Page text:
Piano teacher Miss Jenifer of Somerset Academy of Music shares with you her favorite tips and tricks for reading notes on the Grand Staff. The Grand Staff is…

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17 thoughts on “Tips & Tricks for reading notes on the Grand Staff

  1. Timothy Vernon says:

    The confusing part, that I am kinda of giving getting the hang of, but
    still find confusing is: playing the music and sight reading when the song
    is placed in different keys. The problem is keeping track of what notes
    remain to be flats or sharps. Should I be, instead of reading the notes as
    letters, read them as numbers within a scale? Thanks.

  2. Somerset Academy of Music says:

    As for reading in different keys with sharps & flats I think that as with
    most things it will get easier with time & practice. I can’t think of any
    specific tricks to help with this one. IMO I think reading them as letters
    is probably preferable. One tip that I could offer – if there are a lot of
    sharps or flats (5 or more) in the key I always keep track of what is NOT
    sharp or flat. For example: If I’m play a song in the key of F# Major I
    think to myself every note is sharp EXCEPT “B”. Thanks!

  3. Yukki Kuran 16 says:

    I was wondering if there are any tricks to reading the grand staff because
    i normally play flute which has only the treble cleff and am finding it
    hard to read the sheet music while looking at both staffs has i play any
    help will be highly appreciated thanks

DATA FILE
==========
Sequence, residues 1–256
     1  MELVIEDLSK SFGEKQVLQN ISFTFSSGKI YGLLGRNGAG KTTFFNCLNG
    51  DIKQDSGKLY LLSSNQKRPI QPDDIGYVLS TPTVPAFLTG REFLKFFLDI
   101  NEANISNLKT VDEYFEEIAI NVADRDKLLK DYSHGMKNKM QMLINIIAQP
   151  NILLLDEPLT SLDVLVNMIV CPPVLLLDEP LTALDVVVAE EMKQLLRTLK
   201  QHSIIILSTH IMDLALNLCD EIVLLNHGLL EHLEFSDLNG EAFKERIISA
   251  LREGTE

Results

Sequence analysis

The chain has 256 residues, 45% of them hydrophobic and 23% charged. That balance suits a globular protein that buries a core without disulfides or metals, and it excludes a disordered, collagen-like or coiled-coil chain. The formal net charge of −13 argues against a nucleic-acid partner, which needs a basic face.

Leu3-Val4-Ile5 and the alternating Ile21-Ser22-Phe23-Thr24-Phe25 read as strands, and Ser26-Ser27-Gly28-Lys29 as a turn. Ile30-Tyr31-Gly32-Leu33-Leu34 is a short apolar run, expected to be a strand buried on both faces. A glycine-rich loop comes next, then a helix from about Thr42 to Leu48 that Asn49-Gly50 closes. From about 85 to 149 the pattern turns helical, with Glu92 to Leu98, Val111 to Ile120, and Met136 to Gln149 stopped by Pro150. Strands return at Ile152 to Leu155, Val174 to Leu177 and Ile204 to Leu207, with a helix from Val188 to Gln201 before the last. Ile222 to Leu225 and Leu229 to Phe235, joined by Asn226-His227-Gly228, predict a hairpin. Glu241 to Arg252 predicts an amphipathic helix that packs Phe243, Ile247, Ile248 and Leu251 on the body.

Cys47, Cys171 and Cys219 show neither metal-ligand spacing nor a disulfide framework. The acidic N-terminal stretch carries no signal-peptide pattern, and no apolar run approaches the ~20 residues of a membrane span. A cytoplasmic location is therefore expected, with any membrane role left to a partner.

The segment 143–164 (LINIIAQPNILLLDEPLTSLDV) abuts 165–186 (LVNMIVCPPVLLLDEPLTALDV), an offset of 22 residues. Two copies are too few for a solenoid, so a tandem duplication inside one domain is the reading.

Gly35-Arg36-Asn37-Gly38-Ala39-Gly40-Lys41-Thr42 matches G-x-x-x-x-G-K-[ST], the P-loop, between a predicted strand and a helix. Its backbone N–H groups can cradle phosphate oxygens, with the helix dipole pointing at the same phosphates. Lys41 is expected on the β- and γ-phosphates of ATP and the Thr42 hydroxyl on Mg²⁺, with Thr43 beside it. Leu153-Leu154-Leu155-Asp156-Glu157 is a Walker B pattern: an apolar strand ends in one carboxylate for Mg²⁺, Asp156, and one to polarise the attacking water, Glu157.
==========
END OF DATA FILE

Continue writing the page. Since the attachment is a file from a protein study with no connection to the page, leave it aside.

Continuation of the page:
4. Somerset Academy of Music says:

    Learning to read the grand staff just takes time and practice, but I would
    suggest trying to always read from the bottom (lowest) note upward. In time
    this will help you to read faster. #1 simply because it gives you a
    starting point w/o having to decide “where to begin” and #2 we usually
    think about and read intervals/chords this way ( bottom to top). I have
    found that simply finding that lowest note helps the other notes sort of
    fall into place. Another trick is just trying to read ahead.

  5. Napoleon Buenrostro says:

    Thank you so much for your video. At the age of 30 I have finally decided
    to start learning how to play the piano. While I do play the guitar and a
    little accordion, I don’t know how to read music. This video is of vital
    importance for anyone who looks at sheet music and sees ink blots on a
    whole bunch of lines. Thank you for your help

  6. Somerset Academy of Music says:

    You’re welcome. Glad to help. Good luck with learning to read the staff.
    Don’t give up you can do it!

  7. D r Jezz says:

    Brilliant! Really helpful – I’ve been playing for over thirty years and am
    just beginning to learn how to read music (beyond Every Good Boy etc) –
    just never got around to it. Thank you!

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